Democracy is a system of government in which the entire adult population of a country has a say in determining what happens to them via their elected representatives. It engenders continuous debates on the rights of citizens, including minorities, backward and economically oppressed sections of society, and the passing of laws for the development and prosperity of the diverse sections.
Democracy is forever a work in progress. It implies an organic resolution of “differences, doubts and arguments” between groups of people in a spirit of justice and political morality. India had come a long way forward not by concertedly shutting out the dark chapters of its past but by applying checks and balances in our polity to take care that we rise above repeating similar mistakes in future.
However, now India stands at a crossroads unlike any we have witnessed in the last 70 years, delinking us from what we have ever known or experienced so far. Another August 5 is drawing upon us. It is good to remember that it was on August 5, 2019, that Article 370 was abrogated and the state of Kashmir divided into the union territories of Jammu, Kashmir and Ladakh. On August 5, 2019, the bhumi puja for the Ayodhya Ram Mandir was done.
This August 5, the Supreme Court will hear the pleas, including the one filed by senior journalists N Ram and Sashi Kumar, for an independent probe into the alleged Pegasus snooping case. The petitioners have sought the SC probe to be carried out by a sitting or retired judge of the Supreme Court, hoping that this will make the verdict foolproof.
The SC verdict on Pegasus, whether the Indian government had used spyware to track India’s investigative journalists, human rights activists, Periyarist ideologists, politicians (including BJP men), cops, bureaucrats will determine our road ahead. The Bharatiya Janata Party, trying to accrue many decisive events on August 5s to churn out a new Hindutva history of the country, will leave no stone unturned to get the verdict in their favour.
In 2014, we exercised the electoral freedom to overthrow the Congress party. In 2024, will we be voting in a free India is the burden we all carry in our hearts as we move towards another August 5?
What Narendra Modi and Amit Shah had pulled off in 2014 was no small victory. With the barest minimum 31% vote share, NDA succeeded in securing a brute majority in Parliament – 334 seats out of 543. With this bulwark of National Democratic Alliance MPs, the ruling dispensation started bringing on fresh Amendments to most earlier legislation that didn’t suit their Hindutva agenda. The ruling alliance’s MPs were in a position to scuttle every progressive criticism or dissent in Parliament with a volley of mockery and whataboutery. The right-wing Hindutva elements in India were emboldened by leaders of other powerful but illiberal democracies of the time, such as the United States and Israel under Trump and Netanyahu, respectively.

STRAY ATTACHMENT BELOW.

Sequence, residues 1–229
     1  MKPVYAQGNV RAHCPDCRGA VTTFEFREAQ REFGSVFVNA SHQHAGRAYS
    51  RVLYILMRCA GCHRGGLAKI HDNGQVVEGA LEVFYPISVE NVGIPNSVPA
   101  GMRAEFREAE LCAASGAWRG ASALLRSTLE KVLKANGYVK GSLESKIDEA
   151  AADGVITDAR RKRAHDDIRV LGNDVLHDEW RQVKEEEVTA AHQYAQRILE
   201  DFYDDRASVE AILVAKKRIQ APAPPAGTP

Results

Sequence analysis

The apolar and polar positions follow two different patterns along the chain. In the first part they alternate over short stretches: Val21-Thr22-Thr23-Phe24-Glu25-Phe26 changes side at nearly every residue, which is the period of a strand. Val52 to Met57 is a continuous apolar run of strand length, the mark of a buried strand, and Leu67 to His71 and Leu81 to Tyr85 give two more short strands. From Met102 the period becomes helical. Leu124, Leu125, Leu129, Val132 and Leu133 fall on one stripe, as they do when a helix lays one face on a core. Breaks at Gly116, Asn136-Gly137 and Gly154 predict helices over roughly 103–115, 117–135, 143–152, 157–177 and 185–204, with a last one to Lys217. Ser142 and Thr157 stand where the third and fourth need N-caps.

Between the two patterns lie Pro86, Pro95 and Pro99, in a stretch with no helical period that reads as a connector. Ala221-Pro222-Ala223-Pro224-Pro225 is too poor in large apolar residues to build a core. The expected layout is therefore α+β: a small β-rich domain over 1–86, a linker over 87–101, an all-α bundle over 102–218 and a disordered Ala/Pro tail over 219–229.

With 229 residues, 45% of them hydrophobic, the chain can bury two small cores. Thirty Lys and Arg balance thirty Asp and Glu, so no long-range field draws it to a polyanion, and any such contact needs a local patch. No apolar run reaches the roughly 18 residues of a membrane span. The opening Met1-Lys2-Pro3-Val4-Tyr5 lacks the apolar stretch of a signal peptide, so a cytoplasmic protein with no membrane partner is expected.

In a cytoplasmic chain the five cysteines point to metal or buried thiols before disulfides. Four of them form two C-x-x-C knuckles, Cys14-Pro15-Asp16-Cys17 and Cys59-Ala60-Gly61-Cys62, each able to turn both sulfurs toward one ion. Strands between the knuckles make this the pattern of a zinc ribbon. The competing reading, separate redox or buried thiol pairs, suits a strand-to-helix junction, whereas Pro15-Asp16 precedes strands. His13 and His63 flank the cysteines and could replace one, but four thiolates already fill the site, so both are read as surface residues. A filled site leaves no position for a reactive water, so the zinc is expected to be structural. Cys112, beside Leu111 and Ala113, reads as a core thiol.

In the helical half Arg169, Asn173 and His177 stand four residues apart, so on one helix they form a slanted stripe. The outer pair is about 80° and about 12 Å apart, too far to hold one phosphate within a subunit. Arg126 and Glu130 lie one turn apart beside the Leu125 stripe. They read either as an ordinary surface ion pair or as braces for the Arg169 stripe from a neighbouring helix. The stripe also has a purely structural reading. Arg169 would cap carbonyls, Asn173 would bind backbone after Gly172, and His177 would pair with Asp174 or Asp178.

Every day brought on a new low in politics and discourses. The humiliation of academics and journalists, incarceration of civil rights activists, banning of NGOs, including Amnesty International, happened simultaneously as Modi pledged India as a democracy at international fora.
In the 2019 elections, the NDA vote share increased to 45%, and the seat tally in Lok Sabha increased to 353. NaMo 2.0 lowered Indians into darker dungeons of irrationality despite all-around economic despair. These days, UAPA, NSA and incarceration rain from the skies without any need for incriminating evidence. TV news programs disseminate government messages and dissect each news item into what is advantageous to ‘Us’ and what ‘Others’ have snatched from ‘Us’ in the last 70 years.
The Modi government today sits steeped atop the 7.5 billion-euro-Rafale jets corruption case. The Right to Information Act (2005) is the latest law decried and devalued by the PM’s people as it seems the government has plenty to hide. It’s interesting that when powerful governments and private companies like NSO conspire to anti-national practices against their own people, civil society groups across national borders are coming together to alert against transnational economic crimes impoverishing multitudes and to fight against the global takeover by fascist forces.
The Pegasus list of journalists has “nothing to hide” from the people. The spunky journalist Rana Ayyub refuse to be silenced. The Pegasus journalists, in fact, risked their lives to expose the Modi government’s systematic devaluation of democracy by investigating the electoral bonds (Rohini Singh), Modi’s troll armies (Swati Chaturvedi) and the plight of Jharkhand Adivasis (freelance journalist Rupesh Kumar Singh), among others. Honest information coupled with political morality is a dangerous contraband item in India today.
We witnessed two very poignant deaths in July. The first was of the 84-year-old Jharkhand-based tribal rights activist Stan Swamy, the ‘youngest’ person incarcerated under India’s Unlawful Activities (Prevention) Act. He left behind the immortal words, “I am happy I am not a silent spectator.” The second death was of Danish Siddiqui, who left behind a photographic perspective on the plight of common citizens and common corpses under the Modi regime. Danish ran with his camera into politically charged, live situations of hate and war. It is telling that he got executed by extremists in another country.
Stan Swamy’s and Danish Siddiqui’s images will prevail over the images of bromance between two extreme right-wing, ethnic-nationalist leaders – our own PM Modi and former Israeli PM Benjamin Netanyahu.